The Mistress Contract

Incoming from Ed: the “Mistress Contract“, a play at the Royal Court Theatre:

She and He are the pseudonyms of a real-life couple who live in separate houses in the same city on the west coast of America. She is 88. He is 93.

For 30 years he has provided her with a home and an income, while she provides ‘mistress services’ – ‘All sexual acts as requested, with suspension of historical, emotional, psychological disclaimers.’

They first met at university and then lost touch. When they met again twenty years later, they began an affair when She – a highly educated, intelligent woman with a history of involvement in the feminist movement – asked her wealthy lover to sign the remarkable document that outlines their unconventional lifestyle: The Mistress Contract.

Was her suggestion a betrayal of all that she and the women of her generation had fought for? Or was it brave, honest, and radical?


It seems odd to me that the term “radical” is applied. That is word belonging to politics, and this seems like a personal story, what relevence is it to politics? Nevertheless, it seems essential to many to discuss the issues arising from this agreement. The Royal Court is hosting a panel discussion on March 12th:

Chaired by broadcaster, journalist and theatre critic Libby Purves, the panel debates how and why we form sexual partnerships. The panel includes playwright Alecky Blythe, anthropologist Professor Sophie Day (Goldsmiths, University of London), academic and activist Lynne Segal and human rights campaigner Peter Tatchell.

Ed writes:

I’m not sure what angle they’ll take […] but contracting generally has a pro-liberty flavour? I’ll be interested to see how they interpret it.


  1. It boils down to what rights, if any, can be considered inalienable, and whether someone can give up such rights, via contractual means on either a time limited or perpetual basis. A highly complex area for which there is no right answer in general terms. Each situation needs to be individually considered, by a court if one the parties wishes to modify or renege on a contract.



    1. One’s free will cannot be alienated, therefore it seems to me that the ‘mistress contract’ would be unenforceable in the event that the woman did not want to have sex on any particular occasion, as to force her to do so would be rape, notwithstanding any agreement that existed in the past.

      Until recently the law considered rape within marriage to be an oxymoron. This went back to a ruling in (I think) the 17th century, where one influential judge ruled it to be so, and everyone followed that precedent for 300 years. However, it should be noted that although such an act would not have been classed as rape I would think that it could still have been seen as some other kind of criminal assault. In any case, the original ruling was flawed as far as I can see, because it is based on the idea that, by marrying, the woman has consented to sex in perpetuity, which is contrary to the principle of inalienable rights.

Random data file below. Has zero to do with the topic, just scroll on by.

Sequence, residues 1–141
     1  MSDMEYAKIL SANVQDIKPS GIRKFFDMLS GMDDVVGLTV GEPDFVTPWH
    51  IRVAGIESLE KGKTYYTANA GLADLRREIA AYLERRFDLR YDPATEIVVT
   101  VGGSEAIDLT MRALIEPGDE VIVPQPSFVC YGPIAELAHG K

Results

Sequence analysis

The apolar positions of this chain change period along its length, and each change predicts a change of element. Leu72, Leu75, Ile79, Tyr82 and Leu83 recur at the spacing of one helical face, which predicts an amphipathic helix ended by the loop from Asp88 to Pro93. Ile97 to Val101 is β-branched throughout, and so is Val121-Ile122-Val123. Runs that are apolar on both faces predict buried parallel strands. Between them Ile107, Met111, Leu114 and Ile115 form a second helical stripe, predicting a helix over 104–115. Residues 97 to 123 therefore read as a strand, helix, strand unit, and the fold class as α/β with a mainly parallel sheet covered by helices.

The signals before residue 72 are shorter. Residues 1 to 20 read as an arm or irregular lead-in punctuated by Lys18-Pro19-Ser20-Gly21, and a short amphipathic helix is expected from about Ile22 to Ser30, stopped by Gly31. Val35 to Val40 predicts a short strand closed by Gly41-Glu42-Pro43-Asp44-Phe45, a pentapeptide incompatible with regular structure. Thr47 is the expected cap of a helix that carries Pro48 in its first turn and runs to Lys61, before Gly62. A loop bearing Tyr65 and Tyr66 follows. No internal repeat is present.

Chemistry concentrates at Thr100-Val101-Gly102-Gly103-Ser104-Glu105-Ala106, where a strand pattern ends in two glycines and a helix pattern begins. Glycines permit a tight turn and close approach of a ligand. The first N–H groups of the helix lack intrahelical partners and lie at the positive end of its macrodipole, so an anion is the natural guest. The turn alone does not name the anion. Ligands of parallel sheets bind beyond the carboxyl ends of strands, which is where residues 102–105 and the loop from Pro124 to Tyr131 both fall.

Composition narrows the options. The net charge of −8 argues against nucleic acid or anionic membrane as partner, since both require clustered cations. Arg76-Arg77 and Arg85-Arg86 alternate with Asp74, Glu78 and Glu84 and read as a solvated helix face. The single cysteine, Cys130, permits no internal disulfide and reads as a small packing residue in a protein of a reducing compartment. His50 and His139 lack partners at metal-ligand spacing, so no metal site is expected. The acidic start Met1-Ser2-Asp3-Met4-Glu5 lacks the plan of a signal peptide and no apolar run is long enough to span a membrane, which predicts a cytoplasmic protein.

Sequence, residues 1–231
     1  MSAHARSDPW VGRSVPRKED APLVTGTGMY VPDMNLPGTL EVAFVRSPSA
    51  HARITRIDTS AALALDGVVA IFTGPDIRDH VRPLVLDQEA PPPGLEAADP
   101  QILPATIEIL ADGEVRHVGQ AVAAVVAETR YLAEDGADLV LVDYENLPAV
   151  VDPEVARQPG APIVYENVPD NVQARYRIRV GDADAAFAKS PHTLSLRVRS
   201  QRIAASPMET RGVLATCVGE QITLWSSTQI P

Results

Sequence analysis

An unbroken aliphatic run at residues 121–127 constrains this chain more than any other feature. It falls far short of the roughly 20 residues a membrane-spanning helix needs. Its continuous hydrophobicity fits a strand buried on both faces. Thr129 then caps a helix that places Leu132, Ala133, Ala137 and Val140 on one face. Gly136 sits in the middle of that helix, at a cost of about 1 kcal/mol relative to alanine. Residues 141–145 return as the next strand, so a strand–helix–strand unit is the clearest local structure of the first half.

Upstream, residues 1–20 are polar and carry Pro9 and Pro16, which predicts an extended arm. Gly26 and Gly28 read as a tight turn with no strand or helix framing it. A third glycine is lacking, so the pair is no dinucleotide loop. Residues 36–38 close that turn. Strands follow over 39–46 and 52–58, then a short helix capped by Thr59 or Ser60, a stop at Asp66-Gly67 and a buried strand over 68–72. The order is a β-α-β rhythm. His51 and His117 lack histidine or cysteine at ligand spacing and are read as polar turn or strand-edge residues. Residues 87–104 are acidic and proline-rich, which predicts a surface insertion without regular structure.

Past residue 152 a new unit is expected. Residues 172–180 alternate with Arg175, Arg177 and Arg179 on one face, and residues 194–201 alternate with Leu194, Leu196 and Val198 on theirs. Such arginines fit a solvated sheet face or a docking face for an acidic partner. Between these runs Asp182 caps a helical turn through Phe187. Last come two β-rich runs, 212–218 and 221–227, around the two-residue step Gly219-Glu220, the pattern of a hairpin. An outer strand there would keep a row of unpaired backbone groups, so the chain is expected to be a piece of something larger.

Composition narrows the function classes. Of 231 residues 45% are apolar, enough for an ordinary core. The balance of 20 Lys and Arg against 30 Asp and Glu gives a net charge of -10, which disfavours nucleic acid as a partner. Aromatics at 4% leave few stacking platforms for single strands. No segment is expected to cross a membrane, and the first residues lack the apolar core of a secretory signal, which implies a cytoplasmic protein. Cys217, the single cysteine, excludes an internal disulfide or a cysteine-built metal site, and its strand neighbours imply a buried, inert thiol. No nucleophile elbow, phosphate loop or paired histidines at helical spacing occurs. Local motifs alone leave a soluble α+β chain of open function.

The idea of a ‘mistress contract’, or any other similar contract, sounds like a good one, as long as inalienable rights are respected. To me, legal marriage seems to be little more than a government-sanctioned tax avoidance scheme, which serves a purpose only because of the greed of the taxman to seize property from the deceased, unless the deceased has a spouse. If the same partnership could be established through a private contract (i.e. if two people could protect their property from the taxman in the same way), then no one would need to be married in the eyes of the state. In such circumstances, people would of course still get married.

      In countries like France and Italy, where marriage is secular by law, the actual marriage takes place in front of a public official, and those who wish to have the marriage blessed by the church then have a separate ceremony at the church.



      1. I should add that I am not at all against marriage, only that the state element of it is utterly unimportant to me, and I would like this to be replaced by a system of private contracting, which would leave everyone free to marry in church or wherever else they chose.


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